Nietzsche’s philosophical psychology draws upon a rich and extensive terminology. Integral to this terminology is the concept of an ‘affect.’ Although less widely-discussed than the ‘drive’ or ‘instinct,’ affects are arguably every bit as important to Nietzsche’s mature writings. Little attention, however, has been paid to the question of what Nietzsche thought affects were, such that they could do the considerable explanatory work he required of them. In this paper, I argue that by focusing upon his reflections on both the psycho-physiological states to which we apply affect-words, and the sub-personal processes putatively involved in such episodes, we can draw out Nietzsche’s understanding of ‘affect.’ The picture that emerges comprises a form of ‘somatic’ account, paired with an ‘interpretive’ account of the mechanisms that subsume affective states under folk-psychological concepts and categories. Such a view, I hope to demonstrate, underpins some of Nietzsche’s most prominent psychological claims.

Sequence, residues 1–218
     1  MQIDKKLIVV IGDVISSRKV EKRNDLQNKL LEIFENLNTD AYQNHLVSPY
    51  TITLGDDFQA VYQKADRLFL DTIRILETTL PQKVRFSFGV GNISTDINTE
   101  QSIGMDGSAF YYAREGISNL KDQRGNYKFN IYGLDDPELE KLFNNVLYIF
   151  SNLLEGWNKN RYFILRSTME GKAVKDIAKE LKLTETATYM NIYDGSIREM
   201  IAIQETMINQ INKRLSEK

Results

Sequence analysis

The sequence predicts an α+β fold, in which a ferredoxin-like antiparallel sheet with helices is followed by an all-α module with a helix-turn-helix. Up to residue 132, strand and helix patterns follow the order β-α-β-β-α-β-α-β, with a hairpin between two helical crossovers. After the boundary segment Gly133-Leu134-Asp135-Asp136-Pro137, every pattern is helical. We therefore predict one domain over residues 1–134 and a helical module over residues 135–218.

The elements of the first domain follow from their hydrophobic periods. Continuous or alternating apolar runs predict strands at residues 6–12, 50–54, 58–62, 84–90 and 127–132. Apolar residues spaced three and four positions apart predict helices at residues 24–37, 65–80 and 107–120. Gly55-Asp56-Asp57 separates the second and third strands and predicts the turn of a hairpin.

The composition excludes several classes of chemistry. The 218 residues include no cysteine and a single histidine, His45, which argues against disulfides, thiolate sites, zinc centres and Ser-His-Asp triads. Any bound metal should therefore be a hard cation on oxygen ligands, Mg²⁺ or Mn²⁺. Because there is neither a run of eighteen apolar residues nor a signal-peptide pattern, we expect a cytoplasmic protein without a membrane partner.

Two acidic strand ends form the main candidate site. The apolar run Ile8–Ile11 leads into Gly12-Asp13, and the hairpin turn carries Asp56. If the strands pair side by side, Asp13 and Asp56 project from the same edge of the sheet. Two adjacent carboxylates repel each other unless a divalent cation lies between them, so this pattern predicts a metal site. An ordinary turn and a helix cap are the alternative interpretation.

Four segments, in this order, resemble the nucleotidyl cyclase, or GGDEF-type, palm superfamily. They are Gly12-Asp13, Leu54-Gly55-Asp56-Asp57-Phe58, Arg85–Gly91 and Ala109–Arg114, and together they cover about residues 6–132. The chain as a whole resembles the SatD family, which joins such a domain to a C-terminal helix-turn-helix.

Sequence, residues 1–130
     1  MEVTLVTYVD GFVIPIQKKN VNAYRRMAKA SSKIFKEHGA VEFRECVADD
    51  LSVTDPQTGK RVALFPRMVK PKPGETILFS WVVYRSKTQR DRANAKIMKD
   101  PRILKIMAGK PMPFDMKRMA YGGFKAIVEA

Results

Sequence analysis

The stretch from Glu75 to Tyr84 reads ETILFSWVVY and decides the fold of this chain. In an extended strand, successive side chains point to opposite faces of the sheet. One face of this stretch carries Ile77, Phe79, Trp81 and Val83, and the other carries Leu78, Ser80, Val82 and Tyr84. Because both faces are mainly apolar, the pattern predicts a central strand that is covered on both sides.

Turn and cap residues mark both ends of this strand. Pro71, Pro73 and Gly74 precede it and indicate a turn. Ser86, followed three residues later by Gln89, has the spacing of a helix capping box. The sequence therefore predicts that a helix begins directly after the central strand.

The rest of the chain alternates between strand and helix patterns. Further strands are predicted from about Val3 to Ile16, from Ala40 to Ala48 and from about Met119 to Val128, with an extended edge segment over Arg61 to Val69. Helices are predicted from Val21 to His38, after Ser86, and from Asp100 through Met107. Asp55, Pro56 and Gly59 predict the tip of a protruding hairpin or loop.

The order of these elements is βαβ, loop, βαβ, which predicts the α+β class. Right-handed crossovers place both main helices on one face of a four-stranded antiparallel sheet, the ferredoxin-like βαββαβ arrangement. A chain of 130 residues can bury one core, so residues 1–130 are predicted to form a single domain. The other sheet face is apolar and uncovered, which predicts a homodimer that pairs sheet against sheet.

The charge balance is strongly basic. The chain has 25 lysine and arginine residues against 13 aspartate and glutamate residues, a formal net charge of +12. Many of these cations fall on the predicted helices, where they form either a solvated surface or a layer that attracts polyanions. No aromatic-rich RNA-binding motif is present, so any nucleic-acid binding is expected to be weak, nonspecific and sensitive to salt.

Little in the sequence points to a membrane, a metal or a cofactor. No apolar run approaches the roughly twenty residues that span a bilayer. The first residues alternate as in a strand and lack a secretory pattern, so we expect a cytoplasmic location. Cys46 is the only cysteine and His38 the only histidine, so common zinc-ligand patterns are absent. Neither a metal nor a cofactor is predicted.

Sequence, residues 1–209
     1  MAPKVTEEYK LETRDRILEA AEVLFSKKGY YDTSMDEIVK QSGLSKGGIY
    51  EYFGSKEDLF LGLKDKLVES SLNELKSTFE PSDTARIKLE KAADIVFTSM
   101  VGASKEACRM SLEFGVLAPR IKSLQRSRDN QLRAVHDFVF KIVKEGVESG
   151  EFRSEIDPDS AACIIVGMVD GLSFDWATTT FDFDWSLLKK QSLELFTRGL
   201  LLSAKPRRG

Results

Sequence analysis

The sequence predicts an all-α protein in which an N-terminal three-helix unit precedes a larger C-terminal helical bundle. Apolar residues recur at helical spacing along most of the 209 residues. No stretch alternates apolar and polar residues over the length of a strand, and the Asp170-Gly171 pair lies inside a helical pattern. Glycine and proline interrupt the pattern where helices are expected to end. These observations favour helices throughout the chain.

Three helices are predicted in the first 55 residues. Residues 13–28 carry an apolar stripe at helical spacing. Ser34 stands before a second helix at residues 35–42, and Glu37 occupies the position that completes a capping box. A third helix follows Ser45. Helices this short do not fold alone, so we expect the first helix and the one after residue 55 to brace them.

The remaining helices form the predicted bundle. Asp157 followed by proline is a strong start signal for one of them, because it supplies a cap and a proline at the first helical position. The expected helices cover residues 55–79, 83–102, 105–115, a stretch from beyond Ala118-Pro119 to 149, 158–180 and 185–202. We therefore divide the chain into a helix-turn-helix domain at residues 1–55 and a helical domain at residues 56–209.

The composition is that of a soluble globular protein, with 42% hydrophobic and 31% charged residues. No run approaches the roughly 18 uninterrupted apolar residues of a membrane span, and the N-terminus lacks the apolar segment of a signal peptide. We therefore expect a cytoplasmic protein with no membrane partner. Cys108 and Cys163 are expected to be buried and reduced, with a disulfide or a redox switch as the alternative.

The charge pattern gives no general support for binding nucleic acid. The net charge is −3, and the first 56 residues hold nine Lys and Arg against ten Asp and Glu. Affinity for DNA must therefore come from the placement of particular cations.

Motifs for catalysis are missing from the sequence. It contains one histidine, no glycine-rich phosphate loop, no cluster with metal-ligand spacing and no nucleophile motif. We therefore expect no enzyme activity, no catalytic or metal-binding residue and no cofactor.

Post-Kantian European Philosophy Seminar Convenors: Dr Joseph Schear, Dr Manuel Dries, and Prof Mark Wrathall